If this was an interrogation, Ana would have followed that by glibly saying that she was deflecting. Instead, Ana held her tongue. She had gotten a smile out of the girl, and that was more than she had expected at the start. Playing by her rules would do more to please her.
“What do I receive from getting things in the right order, here?”
“What’s the prize? You’re playing a game with me, but I don’t know what I’m wagering to you, or what I stand to win.”
Ana rolled the stress off of her neck. Showing that she was afraid wouldn’t ingratiate her here.
“Knowledge is a prize in and of itself, but I do have some resources that might be of use to a person such as yourself. So, a deal. Tell me how I came to my position, and I will give you access to some of these resources, without a single string attached.”
Ana gave her an incredulous look.
“Not a single string?”
“Believe me. If I needed another true puppet, I would not even imply the existence of my influence to them. They would see me only through an associate of an associate of an associate. You have entered here alive because I have let you, though I will admit that I am not inclined to any form of violence, as it is not in my whims very often. You leave here alive because you have done some services for me, like delivering a letter.”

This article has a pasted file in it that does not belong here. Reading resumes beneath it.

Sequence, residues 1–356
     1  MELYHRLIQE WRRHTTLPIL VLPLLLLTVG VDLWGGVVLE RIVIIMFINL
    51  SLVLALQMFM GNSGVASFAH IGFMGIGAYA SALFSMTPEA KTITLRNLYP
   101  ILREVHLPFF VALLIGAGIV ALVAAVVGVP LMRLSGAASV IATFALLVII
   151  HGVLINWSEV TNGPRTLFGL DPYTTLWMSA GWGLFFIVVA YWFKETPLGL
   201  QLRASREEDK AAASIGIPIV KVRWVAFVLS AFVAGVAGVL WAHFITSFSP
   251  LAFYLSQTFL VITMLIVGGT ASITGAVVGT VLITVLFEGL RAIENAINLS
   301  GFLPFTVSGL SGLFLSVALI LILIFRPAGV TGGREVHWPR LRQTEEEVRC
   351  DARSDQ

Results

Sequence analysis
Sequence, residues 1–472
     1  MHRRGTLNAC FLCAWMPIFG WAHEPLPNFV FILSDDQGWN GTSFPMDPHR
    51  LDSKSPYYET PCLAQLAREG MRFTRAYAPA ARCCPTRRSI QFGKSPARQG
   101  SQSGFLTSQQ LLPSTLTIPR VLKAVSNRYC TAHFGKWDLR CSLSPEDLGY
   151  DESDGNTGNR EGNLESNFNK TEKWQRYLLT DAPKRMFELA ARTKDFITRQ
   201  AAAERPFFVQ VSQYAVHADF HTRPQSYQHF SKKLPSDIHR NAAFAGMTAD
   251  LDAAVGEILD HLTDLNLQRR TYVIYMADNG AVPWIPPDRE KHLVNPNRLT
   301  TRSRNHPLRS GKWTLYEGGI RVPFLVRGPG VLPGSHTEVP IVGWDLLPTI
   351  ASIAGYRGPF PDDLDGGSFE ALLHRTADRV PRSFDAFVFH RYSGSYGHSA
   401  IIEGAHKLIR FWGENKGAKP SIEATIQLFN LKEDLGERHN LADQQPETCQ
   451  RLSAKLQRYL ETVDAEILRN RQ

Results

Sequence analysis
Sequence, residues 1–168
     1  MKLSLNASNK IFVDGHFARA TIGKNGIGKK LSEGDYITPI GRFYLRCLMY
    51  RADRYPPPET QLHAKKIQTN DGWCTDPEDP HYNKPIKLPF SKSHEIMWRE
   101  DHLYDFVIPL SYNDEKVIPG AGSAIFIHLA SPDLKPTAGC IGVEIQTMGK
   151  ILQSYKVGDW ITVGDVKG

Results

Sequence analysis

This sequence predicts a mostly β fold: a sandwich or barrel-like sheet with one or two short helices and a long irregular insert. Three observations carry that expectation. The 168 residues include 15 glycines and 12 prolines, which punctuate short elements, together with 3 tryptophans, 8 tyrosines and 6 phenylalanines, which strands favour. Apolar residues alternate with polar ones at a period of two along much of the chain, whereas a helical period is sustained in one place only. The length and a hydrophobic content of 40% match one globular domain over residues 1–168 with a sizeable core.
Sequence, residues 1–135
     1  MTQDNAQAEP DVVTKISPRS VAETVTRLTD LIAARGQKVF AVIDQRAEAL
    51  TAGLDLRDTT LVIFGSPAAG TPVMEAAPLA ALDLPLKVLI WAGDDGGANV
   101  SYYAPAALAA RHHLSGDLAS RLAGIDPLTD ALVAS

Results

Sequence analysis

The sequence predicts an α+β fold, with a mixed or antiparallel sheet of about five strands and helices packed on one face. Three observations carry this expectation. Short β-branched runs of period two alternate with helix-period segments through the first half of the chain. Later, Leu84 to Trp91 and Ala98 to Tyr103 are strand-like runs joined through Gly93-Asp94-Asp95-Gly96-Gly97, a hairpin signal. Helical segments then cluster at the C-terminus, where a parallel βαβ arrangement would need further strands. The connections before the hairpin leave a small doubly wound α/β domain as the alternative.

“Hm,” said Ana, “I’m still uncertain as to whether you’ll keep true on any of that.”
“That is fair. Our businesses are both relegated to the realm of quite absolute and damning truths and the realm of even more damning lies,” she said as she folded the letter, “But I will tell you one more thing, as a payment. You have amused me.”
With that, she gave such a wide and stiff smile that Ana felt greatly disquieted. Suddenly, the inquisitive part of her was feeling rather stifled in spite of the doubled promise of an ally and a distraction.
“Well,” said Ana, “I ought to be going. Busy day and all that.”
“No, it is not,” said Dzhate, “But you are free to take your leave.”
“Uh, yes. Okay. Thank you, and goodbye,” said Ana awkwardly, uncertain of how to cut things off. Eventually, she retreated out of the door, and shut it behind her, basking in the heat of the day once more. She exhaled a sigh of relief.
“Pretentious little thing,” she muttered to herself as she walked back towards the street.
At once, the door slammed open behind her, and Ana looked back in a start. Dzhate looked at her with the same unreadable smile, only her head peeking around from the doorway.
“And do not be rude, Miss Merya!”
She slammed the door shut again, and Ana quickened her pace all the way back home. She slept fine that night, but it took all week to wash the feeling of eyes off of her back.